Locked away in a small studio nestled between soaring mountains and valleys in the middle of nowhere, up in the Scottish Highlands, Chris Thornley is sketching out his latest comic book-style commission. His art is inspired by the cinema, graphic novels, typography and a mixture of US and British street culture.
Chris’s Scottish surroundings couldn’t be further away from the Spider-Man poster projects for Marvel and a Star Wars piece for the Disney/Lucas franchise he’s working on at the moment. Comic book characters, skyscrapers and New York yellow cabs emanate from his imagination… along with drawings of some of the coolest Triumph motorcycles you’ll ever see.
His two latest works of art are classic Triumph Bonnevilles, which he describes, in the same minimalist style he’s used to draw them, as ‘Cool without even trying to be cool. Ready to roll and relaxed. Just beautiful bikes to draw, so stylish’.
Influenced by the clean lines of the BMX bikes he rode as a child, Chris is fast garnering a reputation as the go-to artist for capturing California and the States in print form. “It’s coming full circle in a way because childhood is an important factor in my art as I took my inspirations from the movies and my love of 2000AD (a long-running British sci-fi comic). They have now asked me to work with them, so it’s like a dream come true for me.”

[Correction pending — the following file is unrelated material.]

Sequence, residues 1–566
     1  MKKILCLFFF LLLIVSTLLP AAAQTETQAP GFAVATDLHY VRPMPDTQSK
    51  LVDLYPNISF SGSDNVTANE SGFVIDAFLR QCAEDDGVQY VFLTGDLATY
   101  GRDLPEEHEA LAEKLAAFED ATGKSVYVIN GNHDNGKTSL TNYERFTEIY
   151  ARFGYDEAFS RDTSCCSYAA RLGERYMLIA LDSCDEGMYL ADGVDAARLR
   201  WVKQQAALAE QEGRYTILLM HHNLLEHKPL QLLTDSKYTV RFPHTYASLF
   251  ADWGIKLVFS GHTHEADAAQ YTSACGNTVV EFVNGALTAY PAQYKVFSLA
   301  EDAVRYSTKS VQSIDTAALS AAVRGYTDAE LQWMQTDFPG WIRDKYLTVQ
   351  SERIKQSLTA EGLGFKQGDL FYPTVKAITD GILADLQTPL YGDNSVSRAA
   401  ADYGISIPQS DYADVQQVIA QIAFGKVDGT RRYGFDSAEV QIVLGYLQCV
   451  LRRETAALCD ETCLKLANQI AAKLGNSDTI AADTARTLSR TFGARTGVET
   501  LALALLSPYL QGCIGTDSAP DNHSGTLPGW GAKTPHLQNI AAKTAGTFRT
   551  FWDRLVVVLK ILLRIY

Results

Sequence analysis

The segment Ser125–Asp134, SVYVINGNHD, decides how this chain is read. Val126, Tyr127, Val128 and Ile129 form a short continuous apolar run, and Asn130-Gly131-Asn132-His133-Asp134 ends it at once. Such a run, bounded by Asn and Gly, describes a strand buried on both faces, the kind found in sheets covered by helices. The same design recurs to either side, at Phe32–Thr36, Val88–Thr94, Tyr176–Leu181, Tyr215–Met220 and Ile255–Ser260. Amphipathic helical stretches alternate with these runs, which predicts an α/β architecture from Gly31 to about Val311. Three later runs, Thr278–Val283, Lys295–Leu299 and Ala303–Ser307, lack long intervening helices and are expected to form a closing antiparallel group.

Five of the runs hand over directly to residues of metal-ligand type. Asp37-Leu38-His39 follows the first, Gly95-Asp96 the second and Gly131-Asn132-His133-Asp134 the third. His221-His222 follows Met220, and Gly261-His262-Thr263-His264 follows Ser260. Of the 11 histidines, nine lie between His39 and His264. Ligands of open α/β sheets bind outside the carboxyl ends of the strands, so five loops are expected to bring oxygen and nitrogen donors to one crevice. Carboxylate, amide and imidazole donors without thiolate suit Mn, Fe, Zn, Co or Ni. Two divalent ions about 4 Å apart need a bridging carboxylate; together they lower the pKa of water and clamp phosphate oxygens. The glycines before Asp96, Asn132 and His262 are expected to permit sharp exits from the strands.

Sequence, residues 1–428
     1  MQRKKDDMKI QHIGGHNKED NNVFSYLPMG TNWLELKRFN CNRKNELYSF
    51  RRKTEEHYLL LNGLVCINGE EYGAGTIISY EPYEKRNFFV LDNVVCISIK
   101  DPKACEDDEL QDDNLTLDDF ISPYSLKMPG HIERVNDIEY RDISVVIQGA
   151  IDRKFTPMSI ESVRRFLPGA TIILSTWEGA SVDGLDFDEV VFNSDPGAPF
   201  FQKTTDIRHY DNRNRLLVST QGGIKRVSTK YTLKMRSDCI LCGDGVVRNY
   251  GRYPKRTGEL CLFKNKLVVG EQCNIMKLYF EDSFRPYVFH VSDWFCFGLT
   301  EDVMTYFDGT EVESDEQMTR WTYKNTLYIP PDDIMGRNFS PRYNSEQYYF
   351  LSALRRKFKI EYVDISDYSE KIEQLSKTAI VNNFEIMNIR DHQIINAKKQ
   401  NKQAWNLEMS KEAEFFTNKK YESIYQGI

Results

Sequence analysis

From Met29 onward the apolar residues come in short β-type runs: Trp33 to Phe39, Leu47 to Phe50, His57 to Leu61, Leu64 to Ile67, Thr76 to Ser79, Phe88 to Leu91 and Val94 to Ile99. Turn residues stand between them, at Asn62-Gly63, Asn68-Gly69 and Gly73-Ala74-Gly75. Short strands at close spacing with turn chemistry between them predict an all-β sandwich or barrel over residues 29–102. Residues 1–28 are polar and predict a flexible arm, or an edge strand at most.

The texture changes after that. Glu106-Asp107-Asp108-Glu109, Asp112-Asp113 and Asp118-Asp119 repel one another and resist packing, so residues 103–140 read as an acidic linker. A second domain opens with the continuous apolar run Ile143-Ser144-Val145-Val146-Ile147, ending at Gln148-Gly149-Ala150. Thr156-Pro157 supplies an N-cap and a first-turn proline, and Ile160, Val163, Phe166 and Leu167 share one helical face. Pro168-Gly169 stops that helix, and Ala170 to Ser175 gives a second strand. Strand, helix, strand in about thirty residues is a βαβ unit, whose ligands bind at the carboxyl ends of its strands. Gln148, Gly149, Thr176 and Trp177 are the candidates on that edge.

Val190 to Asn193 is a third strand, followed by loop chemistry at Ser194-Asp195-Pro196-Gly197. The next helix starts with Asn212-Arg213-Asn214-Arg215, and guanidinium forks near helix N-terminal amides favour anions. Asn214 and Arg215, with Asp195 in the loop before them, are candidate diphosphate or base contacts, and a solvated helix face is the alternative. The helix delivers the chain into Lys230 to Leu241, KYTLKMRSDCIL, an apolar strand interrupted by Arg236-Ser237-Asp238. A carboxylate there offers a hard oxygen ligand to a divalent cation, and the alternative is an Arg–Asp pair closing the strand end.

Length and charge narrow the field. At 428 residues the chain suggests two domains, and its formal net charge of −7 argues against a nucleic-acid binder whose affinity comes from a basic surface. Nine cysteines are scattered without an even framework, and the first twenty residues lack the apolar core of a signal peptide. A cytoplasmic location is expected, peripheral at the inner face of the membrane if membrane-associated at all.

“As far as the art goes, I love the geometry and shape of motorcycles and especially the curves of the Bonneville. Triumph is such a cool brand and it’s a stand-out bike. My mum used to take me and my brother to the cinema a lot, so the first bikes I saw were Triumphs.
“They’ve always been there in every good movie. And then there’s the Steve McQueen factor so, realistically, no other bike could have the same allure for me artistically.” Chris believes the simplicity of the classic Triumphs is the reason for his fascination: “Take the Bonneville. It’s not flashy. It’s cool but effortlessly so and its curves are just beautiful.”
Until recently Chris was only known by nom d’art Raid71, which comes from a misspent youth playing computer games – “because no one wants to be killed by a bloke called Chris,” he laughs.
A dream come true
Although his art often depicts American cityscapes, the man also behind the Dirt Quake IV poster and numerous commissions for Sideburn is as British as fish and chips, hailing as he does from the small industrial town of Darwen in Lancashire. The 46-year-old used to ride scramblers around the local countryside but gave it up when he started a family. However, his 11-year-old son, inspired by dad’s artwork, is now starting to badger him for a motorcycle.
His sun-scorched and sodium-drenched images are massive in the States, where 80% of his prints go: “The beauty of the internet is that it doesn’t matter that I’m sitting in a studio surrounded by farms in rural Scotland, where I’m happiest. The countryside round here is perfect for riding so who knows, maybe one day I’ll get back on a bike. And if I do, it will definitely be a classic Triumph.”